Wobbly War: The Centralia StoryJohn McClelland, Jr.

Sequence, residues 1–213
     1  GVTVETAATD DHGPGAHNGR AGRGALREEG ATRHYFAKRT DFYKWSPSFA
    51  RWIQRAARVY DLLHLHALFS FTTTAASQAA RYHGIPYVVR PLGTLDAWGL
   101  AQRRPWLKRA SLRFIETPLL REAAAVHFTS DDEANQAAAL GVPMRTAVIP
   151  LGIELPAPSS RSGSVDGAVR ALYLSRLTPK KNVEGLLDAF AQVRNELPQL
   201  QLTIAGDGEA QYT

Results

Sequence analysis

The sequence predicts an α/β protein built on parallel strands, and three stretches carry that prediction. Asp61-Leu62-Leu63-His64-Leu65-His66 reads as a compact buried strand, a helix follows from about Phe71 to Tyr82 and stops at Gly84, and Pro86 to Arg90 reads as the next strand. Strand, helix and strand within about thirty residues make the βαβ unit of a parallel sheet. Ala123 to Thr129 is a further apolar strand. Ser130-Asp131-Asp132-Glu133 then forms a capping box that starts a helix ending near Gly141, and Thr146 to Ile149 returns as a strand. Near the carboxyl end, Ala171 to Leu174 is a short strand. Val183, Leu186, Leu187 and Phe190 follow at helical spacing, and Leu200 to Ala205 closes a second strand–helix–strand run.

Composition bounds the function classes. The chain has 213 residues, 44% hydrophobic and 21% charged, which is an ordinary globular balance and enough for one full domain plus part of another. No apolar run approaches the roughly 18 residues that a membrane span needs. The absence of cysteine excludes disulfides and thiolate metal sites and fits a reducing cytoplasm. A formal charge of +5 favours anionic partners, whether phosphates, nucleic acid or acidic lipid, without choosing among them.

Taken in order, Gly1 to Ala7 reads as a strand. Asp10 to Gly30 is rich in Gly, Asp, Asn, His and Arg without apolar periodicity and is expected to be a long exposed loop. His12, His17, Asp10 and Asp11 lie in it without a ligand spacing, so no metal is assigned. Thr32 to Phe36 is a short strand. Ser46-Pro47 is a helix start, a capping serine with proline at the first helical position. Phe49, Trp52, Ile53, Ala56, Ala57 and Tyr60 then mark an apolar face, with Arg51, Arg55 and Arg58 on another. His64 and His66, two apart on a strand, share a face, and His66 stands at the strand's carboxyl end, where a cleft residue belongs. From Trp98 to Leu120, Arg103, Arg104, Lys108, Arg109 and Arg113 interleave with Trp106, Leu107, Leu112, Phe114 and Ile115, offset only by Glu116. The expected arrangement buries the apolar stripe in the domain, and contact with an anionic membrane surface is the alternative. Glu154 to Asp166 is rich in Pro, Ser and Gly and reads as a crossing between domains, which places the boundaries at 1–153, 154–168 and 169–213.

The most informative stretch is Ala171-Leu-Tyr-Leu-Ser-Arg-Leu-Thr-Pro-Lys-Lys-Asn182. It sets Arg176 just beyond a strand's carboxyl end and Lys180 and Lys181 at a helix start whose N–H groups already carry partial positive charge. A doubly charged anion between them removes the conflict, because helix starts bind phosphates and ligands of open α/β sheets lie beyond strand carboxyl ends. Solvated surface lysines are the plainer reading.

The Centralia Massacre was a violent and bloody incident that occurred in Centralia, Washington, USA on November 11, 1919, during a parade celebrating the first anniversary of Armistice Day. This conflict between the American Legion and workers who were members of the Industrial Workers of the World (IWW or “Wobblies”) resulted in six deaths, additional wounded, multiple prison terms, and an ongoing and especially bitter dispute over the motivations and events that precipitated the massacre. It was the culmination of years of bad blood between members of the local Legion and members of the IWW. Both Centralia and the neighboring town of Chehalis had a large number of World War I veterans, with robust chapters of the Legion, as well as a large number of IWW members, some also war veterans. The ramifications of this event included a trial that attracted national media attention, notoriety that contributed to the Red Scare of 1919-20, the creation of a powerful martyr for the IWW, a monument to one side of the battle and a mural for the other, a formal tribute to the fallen Legionnaires by President Warren G. Harding, and a deep-rooted enmity between the local American Legion and the Wobblies that persisted into the 21st century.